Duria Antiquior: A nineteenth-century forerunner of palaeoart

Steven Wade Veatch (USA) In a breath of inspiration in 1830, English geologist, Henry De la Beche (1796–1855), while exploring new intellectual territories in the emerging fields of palaeontology, painted Duria Antiquior (meaning “a more ancient Dorset”), a representation of a prehistoric Dorset coast. De la Beche’s work was ground… … Read More

Concretions in sandstones of the Inner Hebrides, Scotland

Mark Wilkinson (UK) Concretions are a common feature in many sedimentary rocks, yet they seem sometimes to be misunderstood. So, how do concretions form? As well-studied examples, let’s look at the ones found in some of the sandstones of the Scottish Inner Hebrides, notably the islands of Eigg and Skye.… … Read More

Fulletby brickyard: A classic locality in the Upper Jurassic Kimmeridge Clay of Lincolnshire

John P Green (UK) The Upper Jurassic Kimmeridge Clay Formation in Lincolnshire crops out along the western edge of the Lincolnshire Wolds scarp (Swinnerton and Kent, 1981) and many years ago was formerly exposed in many small workings that exploited the Lower and Upper Kimmeridge Clay Formation for brickmaking. The… … Read More

Saltwick Bay, North Yorkshire

Emily Swaby (UK) Saltwick Bay is located along the Yorkshire Coast, between Whitby and Robin Hood’s Bay, and can be accessed from the Cleveland Way, which passes the spectacular Whitby Abbey. The geology of the area is predominantly Jurassic in age, with the site often being described as a ‘fossil… … Read More

Carbonate platforms and coral reefs: The Coralline Oolite of the Yorkshire Upper Jurassic – a prime source of palaeontological information

Keith Eastwood (UK) The Malton Oolite Member of the Coralline Oolite Formation (Corallian Group), as exposed in the Betton Farm South Quarry (TA00158555) at East Ayton, near Scarborough (Fig. 1), provides a wealth of fascinating palaeontological and sedimentological information. Examination of outcrops within this small quarry enables the geologist to… … Read More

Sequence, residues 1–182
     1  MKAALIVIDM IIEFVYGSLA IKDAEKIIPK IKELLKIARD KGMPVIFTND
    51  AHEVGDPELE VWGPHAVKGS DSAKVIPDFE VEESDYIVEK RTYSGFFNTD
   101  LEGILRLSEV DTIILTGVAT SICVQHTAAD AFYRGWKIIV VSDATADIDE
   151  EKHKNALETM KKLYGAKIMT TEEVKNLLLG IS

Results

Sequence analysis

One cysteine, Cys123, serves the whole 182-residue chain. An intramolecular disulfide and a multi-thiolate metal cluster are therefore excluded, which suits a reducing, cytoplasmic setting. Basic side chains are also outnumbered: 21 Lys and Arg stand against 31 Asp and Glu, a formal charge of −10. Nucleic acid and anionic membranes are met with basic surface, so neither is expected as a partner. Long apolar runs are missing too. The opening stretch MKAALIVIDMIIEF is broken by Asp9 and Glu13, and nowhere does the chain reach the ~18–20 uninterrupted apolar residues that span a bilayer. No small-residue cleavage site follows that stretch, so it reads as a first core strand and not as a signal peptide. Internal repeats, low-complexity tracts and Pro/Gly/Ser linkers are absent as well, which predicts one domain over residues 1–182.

Fossil folklore: Molluscs

Paul D Taylor (UK) The final article of this series on fossil folklore focuses on molluscs, excluding the ammonites, which were covered earlier (see Fossil folklore: ammonites in Deposits, Issue 46, pp. 20–23). Molluscs are second only to arthropods in the number of species living today and the resistant calcareous… … Read More

Jurassic Coast (or is it?) with the Geologists’ Association

Mervyn Jones (UK) Since 2012, the Geologists’ Association (GA) has put on annual field trips to the Dorset coast led by Prof John CW Cope (of the National Museum Wales), who is author of the definitive Field Guide No 22. The second edition was published in April 2016 (Geology of… … Read More

Fossil folklore: Some myths, monsters, swallows and butterflies

Paul D Taylor (UK) Myths are traditional stories embodying ancient yet false ideas. At the root of many myths lie unusual events, for example, extreme floods, or mysterious objects such as fossils. Numerous myths about different kinds of fossils can be found in the folklore of many countries around the… … Read More

Other mass extinctions

Neal Monks (UK) The extinctions at the Cretaceous-Tertiary (K/T) boundary make up what is probably the most famous geological event in popular culture. This is the point when the great reptiles that characterise the Mesozoic went extinct. Alongside the dinosaurs, the giant marine reptiles died out too, as did the… … Read More

Geology and fossil fauna of the South Ferriby foreshore

John P Green (UK) The large working quarry at South Ferriby, North Lincolnshire (SE991204) is a well known and productive source of Late Jurassic and Cretaceous fossils, exposing beds from the Upper Oxfordian stage, Upper Jurassic (Ampthill clay, Ringsteadia psuedocordata zone) to the Terebratulina lata zone of the Turonian stage… … Read More

Hooks, paperclips and balls of string: Understanding heteromorph ammonites

Neale Monks (UK) Heteromorph ammonites were a group of externally shelled cephalopods that were particularly diverse during the Cretaceous period. Many species were abundant and geographically widespread and, for this reason, they have been used to date and correlate rocks. Unlike regularly coiled ammonites, which underwent a steady decline in… … Read More

Ammonite wars

Neale Monks (UK) Ammonites have been studied intensively for the last 200 years but, between experts, there is very little agreement on what ammonites looked like or how they worked as living organisms. Could they float? Did they swim? How did they catch their food? How long did they live?… … Read More

Geology and fossils of the Spilsby Sandstone Formation of Nettleton, Lincolnshire, UK

The Jurassic/Cretaceous boundary interval is represented in Lincolnshire by the Spilsby Sandstone Formation, a shallow water marine deposit that spans the Volgian stage of the Jurassic to the Berriasian stage of the Cretaceous (Hopson et al. 2008). The ammonite faunas of this formation are of particular interest, exhibiting affinities with correlative forms in both Russia on the Siberian plain, as well as Greenland and Canada (for example, Casey, 1973; Mikhail Rogov, personal communication 2015).